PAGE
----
In addition, folic acid is essential for the formation of red blood cells and has been shown to reduce the levels of an amino acid (homocysteine). This reduction may have a protective effect against heart disease.1
Folic Acid also contributes to brain health, immune function as well as helping to reduce tiredness and fatigue.
EU NRV: 200µg
Women of childbearing age (14-49 years) who are planning or who may become pregnant are advised to take a supplement containing 400µg folic acid every day.
UK average daily intake
Requirements vary depending on age and gender. The UK National Diet and Nutrition Survey lists up-to-date intake requirements and average intakes2.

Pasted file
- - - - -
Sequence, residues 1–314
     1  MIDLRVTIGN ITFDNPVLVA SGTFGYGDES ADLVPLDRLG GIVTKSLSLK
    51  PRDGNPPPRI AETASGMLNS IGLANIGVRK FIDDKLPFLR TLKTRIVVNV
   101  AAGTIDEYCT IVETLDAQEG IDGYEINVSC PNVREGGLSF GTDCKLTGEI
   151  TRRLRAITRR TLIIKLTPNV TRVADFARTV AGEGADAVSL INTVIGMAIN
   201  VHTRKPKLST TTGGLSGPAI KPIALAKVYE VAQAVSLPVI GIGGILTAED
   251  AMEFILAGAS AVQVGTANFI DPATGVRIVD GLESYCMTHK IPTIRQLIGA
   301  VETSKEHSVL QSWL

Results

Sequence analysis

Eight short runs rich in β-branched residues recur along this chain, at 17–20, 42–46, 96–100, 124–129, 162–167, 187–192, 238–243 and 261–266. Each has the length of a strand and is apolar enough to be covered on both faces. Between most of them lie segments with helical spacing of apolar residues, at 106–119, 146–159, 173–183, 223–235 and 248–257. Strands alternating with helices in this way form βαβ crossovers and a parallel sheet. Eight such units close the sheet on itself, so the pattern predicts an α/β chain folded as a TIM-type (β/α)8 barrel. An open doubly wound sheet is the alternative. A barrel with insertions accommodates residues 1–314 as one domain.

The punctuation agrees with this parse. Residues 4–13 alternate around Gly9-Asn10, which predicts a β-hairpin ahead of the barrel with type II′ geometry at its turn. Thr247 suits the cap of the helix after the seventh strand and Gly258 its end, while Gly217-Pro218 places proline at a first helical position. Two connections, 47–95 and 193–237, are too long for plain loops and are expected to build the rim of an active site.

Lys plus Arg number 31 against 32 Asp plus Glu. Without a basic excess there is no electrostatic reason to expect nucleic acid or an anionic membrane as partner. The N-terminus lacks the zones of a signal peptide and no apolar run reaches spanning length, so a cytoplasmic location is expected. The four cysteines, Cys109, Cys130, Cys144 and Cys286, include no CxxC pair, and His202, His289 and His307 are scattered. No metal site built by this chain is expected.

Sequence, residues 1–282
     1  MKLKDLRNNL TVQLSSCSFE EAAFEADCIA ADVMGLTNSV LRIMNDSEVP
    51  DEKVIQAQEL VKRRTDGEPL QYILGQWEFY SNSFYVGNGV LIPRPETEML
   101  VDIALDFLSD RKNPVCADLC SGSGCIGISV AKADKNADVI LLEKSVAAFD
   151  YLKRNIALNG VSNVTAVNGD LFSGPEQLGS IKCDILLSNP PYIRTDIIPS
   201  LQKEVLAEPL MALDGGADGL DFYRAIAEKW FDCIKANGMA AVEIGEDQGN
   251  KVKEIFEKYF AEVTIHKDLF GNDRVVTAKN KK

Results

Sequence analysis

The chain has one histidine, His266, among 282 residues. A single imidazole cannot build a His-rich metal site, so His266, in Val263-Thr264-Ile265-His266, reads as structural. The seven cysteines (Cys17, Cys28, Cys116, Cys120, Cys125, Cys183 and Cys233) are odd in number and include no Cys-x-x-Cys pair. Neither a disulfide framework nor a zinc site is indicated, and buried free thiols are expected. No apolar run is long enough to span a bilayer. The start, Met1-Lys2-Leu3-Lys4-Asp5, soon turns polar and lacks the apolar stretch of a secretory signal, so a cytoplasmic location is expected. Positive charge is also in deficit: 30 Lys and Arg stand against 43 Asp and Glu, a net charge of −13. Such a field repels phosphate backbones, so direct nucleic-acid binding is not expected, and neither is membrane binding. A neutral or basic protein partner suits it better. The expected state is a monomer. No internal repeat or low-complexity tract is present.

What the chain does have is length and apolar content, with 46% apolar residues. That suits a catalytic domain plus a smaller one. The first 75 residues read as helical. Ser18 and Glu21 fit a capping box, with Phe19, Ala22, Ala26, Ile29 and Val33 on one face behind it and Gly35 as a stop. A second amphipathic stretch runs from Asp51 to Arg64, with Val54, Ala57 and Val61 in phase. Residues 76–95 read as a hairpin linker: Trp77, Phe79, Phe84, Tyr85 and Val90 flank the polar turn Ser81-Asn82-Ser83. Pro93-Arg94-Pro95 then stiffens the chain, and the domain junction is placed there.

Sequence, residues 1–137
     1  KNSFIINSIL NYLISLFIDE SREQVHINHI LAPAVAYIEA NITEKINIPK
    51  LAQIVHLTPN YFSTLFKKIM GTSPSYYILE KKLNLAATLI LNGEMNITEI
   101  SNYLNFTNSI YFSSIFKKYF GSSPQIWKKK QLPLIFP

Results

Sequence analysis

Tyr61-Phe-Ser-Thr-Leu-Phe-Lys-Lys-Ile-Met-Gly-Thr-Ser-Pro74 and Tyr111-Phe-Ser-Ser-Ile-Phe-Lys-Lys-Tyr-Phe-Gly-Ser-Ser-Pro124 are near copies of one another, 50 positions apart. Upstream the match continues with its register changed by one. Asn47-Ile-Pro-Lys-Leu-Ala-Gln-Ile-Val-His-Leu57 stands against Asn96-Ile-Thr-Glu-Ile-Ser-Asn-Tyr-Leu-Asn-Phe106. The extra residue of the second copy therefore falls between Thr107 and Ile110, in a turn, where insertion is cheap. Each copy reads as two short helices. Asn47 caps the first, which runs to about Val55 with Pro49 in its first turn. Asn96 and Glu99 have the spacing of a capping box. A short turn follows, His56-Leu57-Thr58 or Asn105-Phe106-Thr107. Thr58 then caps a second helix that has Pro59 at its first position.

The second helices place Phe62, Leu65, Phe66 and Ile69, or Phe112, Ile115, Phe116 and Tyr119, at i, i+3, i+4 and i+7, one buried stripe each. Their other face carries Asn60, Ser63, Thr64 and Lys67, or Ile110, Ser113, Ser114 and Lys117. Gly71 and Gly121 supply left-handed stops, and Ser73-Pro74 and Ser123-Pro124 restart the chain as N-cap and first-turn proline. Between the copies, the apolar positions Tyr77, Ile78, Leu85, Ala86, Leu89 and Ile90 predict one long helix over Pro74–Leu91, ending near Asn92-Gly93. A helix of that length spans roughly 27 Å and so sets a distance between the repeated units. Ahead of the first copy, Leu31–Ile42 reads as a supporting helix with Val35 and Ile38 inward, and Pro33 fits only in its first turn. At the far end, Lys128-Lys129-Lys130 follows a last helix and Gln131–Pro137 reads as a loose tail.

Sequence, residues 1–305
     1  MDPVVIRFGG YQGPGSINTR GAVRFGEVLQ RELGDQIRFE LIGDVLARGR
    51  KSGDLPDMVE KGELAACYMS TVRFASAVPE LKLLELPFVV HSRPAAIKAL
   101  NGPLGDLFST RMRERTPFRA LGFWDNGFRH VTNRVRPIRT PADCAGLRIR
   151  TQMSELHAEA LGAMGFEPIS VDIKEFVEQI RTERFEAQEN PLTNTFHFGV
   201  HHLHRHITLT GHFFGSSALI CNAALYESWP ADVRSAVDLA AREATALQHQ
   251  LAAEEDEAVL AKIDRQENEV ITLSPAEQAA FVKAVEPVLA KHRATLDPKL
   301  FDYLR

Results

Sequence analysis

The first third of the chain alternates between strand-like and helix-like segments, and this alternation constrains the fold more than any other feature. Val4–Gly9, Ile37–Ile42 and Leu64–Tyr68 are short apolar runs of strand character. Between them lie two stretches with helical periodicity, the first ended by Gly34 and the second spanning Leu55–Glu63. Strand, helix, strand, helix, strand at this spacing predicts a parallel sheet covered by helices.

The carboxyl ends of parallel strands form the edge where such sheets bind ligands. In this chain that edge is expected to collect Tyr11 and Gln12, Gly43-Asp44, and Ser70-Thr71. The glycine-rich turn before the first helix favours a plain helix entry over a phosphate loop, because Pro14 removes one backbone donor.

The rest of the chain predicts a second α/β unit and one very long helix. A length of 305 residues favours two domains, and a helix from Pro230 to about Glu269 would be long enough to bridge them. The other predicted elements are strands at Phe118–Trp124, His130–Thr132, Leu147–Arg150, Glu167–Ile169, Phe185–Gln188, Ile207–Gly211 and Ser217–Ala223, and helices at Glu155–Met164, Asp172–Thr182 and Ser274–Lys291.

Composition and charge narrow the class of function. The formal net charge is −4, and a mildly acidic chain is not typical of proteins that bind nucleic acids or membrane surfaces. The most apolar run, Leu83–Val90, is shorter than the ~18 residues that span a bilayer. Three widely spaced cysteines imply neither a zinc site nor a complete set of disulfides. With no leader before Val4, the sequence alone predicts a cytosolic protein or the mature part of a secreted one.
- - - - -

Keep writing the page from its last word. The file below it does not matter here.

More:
|As a supplement||Available as a single supplement. Also commonly available as part of a multivitamin and mineral formula.
Different multivitamin and minerals products will vary in the percentage NRVs they include. People should always check the label for information about a specific product.
|Found in (dietary sources)||‘Folate’ can be found naturally in yeast extract, wholegrain cereals, liver, brussels sprouts, broccoli, leafy green vegetables, beans, oranges and beer.
Levels of folate are unstable, unless the foods are refrigerated, and can also be destroyed by processing and cooking.
‘Folic acid’ can be sourced from fortified foods, such as breakfast cereals, marmite, bovril and fat spreads.
|Deficiency||Folate deficiency may lead to an increased risk of neural tube defect (spina bifida) in babies.